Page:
Time To Pick A Lane

Time To Pick A Lane

Basketball isn't too far away. Thank the Gods for that. The NBA's preseason will begin in less than a month, with the Bulls getting things underway on October 6, facing last season's playoff foes, the Milwaukee Bucks.

A lot of hype has built up for the Bucks, and for good reason. The mission statement of the franchise has been clear; Get young, quick and versatile, and smother people defensively with length. When you think about 'position-less basketball' in the modern game, Milwaukee, amongst others, are breaking down the existing norms.

They've gone out and signed free agent center, Greg Monroe, a nice, young big who passed on the bigger markets to join the Bucks. Jabari Parker is set to resume his career after a torn ACL derailed his rookie campaign, and we can expect natural progression from the rest of the roster, particularly Giannis Antetokounmpo. Good times are ahead. For fans of an organisation that has faced constant rumors of relocation, that has to be exciting.

For the Bulls, there hasnt been any 'hype' coming into this season. It was too quiet for anything of merit to draw a frenzy. Virtually no changes have been made to the roster outside of Bobby Portis, the rookie, replacing Nazr Mohammed. Instead of player movement, management will be banking on the transition from Thibodeau to Hoiberg to progress the team past the second round, but is this change enough, or are there more inherent issues at play with the roster that need to be resolved at some point this season?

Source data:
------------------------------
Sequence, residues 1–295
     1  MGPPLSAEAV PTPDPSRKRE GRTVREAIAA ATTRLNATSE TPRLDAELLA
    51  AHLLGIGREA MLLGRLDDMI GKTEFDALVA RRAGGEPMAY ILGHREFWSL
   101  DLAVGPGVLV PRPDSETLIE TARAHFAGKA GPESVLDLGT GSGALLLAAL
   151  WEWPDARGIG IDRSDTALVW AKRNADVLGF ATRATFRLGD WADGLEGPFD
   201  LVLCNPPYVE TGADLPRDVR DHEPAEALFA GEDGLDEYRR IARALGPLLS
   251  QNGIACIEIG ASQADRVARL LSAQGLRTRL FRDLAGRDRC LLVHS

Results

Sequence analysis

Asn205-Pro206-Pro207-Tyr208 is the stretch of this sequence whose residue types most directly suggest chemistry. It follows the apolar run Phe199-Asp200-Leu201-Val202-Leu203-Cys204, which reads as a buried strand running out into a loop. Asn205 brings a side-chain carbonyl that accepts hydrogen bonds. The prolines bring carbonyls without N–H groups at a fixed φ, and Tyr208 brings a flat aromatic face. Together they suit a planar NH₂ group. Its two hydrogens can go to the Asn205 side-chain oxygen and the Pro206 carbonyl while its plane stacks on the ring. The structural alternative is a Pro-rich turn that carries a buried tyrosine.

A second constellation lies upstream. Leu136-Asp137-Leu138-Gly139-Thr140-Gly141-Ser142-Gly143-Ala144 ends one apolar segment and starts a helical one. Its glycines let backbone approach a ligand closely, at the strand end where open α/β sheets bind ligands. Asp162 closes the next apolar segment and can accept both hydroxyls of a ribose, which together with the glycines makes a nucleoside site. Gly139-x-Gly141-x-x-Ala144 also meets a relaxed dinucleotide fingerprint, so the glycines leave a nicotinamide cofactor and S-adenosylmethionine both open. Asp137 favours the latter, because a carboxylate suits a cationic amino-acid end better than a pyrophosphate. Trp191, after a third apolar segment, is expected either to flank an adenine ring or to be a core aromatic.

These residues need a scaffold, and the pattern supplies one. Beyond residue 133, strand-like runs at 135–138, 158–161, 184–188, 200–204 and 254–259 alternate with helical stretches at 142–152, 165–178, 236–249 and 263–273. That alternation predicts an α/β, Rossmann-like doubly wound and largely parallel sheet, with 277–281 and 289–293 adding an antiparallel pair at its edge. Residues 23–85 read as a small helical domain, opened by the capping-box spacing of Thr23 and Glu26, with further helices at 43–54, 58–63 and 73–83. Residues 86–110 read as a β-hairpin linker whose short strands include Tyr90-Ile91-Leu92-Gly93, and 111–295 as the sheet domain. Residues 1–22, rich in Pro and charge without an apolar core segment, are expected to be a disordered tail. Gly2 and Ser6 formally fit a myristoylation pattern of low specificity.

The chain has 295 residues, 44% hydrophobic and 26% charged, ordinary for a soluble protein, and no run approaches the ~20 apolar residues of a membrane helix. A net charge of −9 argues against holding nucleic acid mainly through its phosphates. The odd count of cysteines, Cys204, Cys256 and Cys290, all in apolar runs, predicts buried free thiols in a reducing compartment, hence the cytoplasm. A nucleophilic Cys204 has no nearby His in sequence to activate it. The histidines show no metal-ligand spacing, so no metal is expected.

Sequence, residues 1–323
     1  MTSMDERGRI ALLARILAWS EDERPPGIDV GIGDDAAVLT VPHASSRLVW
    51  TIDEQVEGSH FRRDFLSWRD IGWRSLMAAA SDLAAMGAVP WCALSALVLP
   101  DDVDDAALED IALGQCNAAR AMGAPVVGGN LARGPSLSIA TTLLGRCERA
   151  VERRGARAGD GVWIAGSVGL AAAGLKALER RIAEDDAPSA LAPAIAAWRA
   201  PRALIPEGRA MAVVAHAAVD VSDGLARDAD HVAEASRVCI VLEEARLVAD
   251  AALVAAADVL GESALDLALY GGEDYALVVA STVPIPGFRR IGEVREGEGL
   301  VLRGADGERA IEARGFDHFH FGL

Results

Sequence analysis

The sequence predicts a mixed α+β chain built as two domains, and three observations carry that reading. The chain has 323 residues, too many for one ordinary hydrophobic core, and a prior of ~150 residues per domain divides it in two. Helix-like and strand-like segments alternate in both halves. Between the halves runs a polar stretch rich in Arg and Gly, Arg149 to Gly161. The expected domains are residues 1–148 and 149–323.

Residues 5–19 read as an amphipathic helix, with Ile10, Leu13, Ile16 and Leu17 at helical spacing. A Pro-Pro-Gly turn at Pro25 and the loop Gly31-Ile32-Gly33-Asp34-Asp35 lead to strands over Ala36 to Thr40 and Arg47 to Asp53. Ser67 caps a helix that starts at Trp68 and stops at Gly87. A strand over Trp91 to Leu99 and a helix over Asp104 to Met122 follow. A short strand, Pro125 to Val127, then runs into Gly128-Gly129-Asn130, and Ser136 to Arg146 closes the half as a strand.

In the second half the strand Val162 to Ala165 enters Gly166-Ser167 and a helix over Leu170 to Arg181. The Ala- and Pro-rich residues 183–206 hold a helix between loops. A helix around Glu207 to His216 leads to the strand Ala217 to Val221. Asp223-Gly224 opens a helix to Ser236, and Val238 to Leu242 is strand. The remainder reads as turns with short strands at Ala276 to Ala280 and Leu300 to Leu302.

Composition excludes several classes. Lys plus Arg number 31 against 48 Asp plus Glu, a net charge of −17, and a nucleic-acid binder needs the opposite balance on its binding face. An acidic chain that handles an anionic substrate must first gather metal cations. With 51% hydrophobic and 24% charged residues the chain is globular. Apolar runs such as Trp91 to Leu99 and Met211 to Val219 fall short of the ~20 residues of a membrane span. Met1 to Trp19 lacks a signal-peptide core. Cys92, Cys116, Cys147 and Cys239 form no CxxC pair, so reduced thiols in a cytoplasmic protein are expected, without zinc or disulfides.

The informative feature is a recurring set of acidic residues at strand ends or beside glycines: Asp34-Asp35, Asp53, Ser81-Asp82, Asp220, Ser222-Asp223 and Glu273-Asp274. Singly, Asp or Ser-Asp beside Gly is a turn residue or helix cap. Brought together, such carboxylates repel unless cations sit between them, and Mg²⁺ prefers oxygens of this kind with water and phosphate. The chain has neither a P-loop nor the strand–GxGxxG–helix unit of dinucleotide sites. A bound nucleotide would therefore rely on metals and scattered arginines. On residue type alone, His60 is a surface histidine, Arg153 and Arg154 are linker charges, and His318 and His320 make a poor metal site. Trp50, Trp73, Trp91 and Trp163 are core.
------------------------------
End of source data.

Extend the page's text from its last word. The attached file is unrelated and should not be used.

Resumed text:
Analyzing the Bulls roster, whilst it has virtually remained unchanged, the dynamics seem...well, weird.

For simplicity's sake, let's assume that an average NBA player's best years are in his mid-to-late 20s - say 25-28-years of age. On face value, with the average age of a Chicago player next season being a little over 27-years old, one could argue the age profile of this team is right in its 'sweet spot' of performance. Is it really, though?

As it stands, the Bulls have six players who are 30 years of age or greater, six players who are 24-years old or younger, with only three currently in their prime (25-28). Now, this fact isn't necessarily a bad thing, especially if those three players are destined to give you their best years, something Oklahoma City looks poised to do with Kevin Durant, Russell Westbrook & Serge Ibaka.

Unfortunately, this isn't the case for Chicago.

E'Twaun Moore, Derrick Rose and Jimmy Butler are the three players set to enter their 'prime' for Chicago. That doesn't really compare with the Thunder core, does it?

Moore is no star. He is barely a rotational piece. The best years of Rose should be now. Instead, sadly, they may be behind him. That only leaves Jimmy Butler. No wonder he is working on his point guard skills, the Bulls may need it!